There is little doubt that just three little words ‘balance of performance’ have had big implications and meaning in modern motorsport over the last decade particularly.
Multi-manufacturer or multi-car series and championships need close competition to thrive and survive. Variety and closeness of competition are like the air that big championships breath in order to maximise return-on-investment for OEM’s partners and stakeholders.
If a BoP system was not employed in some series someone is going to lose out and, in all probability, will leave the category soon rather than later.
So, an equal playing field is essential but how do you get there?
That was the brief given to motorsport and automotive technology and engineering specialist, AVL, at the end of 2020 by the DTM organisers led by former McLaren and Ferrari Formula 1 driver Gerhard Berger.
“It was a task that is obviously hotly debated because the way of doing balance of performance is not an exact science,” says AVL’s Skill Team Leader of Racing, Michael Peinsitt.
“You need to take into account what you see on the track, you get testing results, you need to evaluate those results, you need to factor in the driver performance, so it can be a very controversial subject.”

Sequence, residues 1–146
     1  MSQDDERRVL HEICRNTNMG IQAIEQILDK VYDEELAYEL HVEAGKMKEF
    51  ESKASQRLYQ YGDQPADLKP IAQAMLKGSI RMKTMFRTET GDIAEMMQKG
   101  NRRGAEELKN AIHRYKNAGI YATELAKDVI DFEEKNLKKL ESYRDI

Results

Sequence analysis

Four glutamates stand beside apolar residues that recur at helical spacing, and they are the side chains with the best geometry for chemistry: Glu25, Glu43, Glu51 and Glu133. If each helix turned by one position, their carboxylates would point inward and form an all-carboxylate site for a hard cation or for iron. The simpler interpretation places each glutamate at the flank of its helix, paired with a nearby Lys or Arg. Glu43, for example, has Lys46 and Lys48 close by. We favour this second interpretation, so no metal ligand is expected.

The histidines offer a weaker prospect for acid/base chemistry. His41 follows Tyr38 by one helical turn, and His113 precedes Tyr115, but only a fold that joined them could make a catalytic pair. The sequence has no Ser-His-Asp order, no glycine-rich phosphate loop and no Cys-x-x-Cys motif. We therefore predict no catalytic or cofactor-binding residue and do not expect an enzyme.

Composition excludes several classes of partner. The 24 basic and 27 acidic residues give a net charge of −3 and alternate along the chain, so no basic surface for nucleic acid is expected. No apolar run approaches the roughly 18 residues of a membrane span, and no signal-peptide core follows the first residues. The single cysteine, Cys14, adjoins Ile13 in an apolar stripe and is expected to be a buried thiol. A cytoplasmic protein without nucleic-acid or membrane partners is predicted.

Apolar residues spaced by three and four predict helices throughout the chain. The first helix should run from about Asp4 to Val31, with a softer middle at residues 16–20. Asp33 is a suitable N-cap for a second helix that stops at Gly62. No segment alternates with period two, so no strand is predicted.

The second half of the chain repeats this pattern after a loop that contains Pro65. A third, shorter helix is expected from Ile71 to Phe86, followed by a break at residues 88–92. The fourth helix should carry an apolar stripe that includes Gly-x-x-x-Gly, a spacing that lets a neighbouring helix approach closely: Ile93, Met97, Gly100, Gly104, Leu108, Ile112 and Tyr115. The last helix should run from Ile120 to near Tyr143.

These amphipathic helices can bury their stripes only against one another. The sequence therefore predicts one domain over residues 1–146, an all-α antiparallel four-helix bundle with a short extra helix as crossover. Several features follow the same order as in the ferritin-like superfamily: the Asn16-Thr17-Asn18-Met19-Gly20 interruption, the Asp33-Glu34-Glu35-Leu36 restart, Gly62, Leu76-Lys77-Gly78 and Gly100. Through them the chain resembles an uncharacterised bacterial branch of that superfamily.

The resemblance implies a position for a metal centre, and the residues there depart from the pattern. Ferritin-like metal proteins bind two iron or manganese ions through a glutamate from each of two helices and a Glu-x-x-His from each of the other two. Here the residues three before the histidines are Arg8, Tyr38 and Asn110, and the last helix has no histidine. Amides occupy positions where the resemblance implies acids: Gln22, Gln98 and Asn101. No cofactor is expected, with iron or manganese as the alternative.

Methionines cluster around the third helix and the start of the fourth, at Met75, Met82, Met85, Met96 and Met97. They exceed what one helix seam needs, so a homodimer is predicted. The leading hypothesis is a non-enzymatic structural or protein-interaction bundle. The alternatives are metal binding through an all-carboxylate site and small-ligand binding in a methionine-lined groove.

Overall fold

Trying to mitigate that controversy, AVL devised a system that used vehicle dynamic simulation to determine the balance of performance.
Developed in house here at AVL’s Austrian base, the AVL VSM™ RACE driving dynamics software works in simulation with purely virtual vehicle models as well as virtual drivers. The software allows AVL’s racing engineers to simulate up to 100,000 laps by means of cloud computing in such a short time that it can be completed between practice sessions.
“That means that every relevant subpart of the car is described through numbers,” adds Peinsitt.
Such examples as describing the engine by the torque map through different engine speeds and throttle positions are used as well as many other parameters.
“The suspension is characterised with kinematic maps such as a toe change or a camber change versus wheel travel and the aerodynamics is described as a drag and the downforce coefficient versus front and rear ride height and the respective wing positions,” adds Peinsitt.
AVL has been involved in top-level motorsport for more than 25 years and through its industry contacts and the new for 2020 switch to the GT3 three cars for 2021, it became clear that DTM needed a balance of performance.
“They were looking at the available options,” says Peinsitt.
And they said, well, we would like to try something novel, something that not everybody has been doing. That’s why they approached us and said ‘can you do something for us?
We looked at it. And finally, we said yes, ‘we think we can do this’.
And indeed, they could as a consistent and technically adept system using AVL’s sim technology and specific vehicle dynamic data became a regular and largely uncontroversial axis in a successful, headline-grabbing and diverse first season of DTM GT3 racing in 2021.